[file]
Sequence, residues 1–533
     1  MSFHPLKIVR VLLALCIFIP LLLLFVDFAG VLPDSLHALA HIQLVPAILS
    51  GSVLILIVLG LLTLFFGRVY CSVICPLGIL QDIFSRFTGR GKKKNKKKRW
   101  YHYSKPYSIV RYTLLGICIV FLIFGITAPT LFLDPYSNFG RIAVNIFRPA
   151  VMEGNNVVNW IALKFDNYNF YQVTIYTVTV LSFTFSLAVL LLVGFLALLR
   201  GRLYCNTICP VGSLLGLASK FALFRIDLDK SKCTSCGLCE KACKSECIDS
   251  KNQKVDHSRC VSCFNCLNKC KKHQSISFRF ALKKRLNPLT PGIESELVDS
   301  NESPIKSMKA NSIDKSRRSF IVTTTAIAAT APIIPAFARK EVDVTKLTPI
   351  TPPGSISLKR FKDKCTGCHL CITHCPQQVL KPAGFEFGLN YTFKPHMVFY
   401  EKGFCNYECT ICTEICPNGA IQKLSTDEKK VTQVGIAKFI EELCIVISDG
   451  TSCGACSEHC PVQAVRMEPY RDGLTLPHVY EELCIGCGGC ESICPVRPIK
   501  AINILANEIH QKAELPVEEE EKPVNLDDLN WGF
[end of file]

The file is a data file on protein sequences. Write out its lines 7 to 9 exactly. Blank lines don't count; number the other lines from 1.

   251  KNQKVDHSRC VSCFNCLNKC KKHQSISFRF ALKKRLNPLT PGIESELVDS
   301  NESPIKSMKA NSIDKSRRSF IVTTTAIAAT APIIPAFARK EVDVTKLTPI
   351  TPPGSISLKR FKDKCTGCHL CITHCPQQVL KPAGFEFGLN YTFKPHMVFY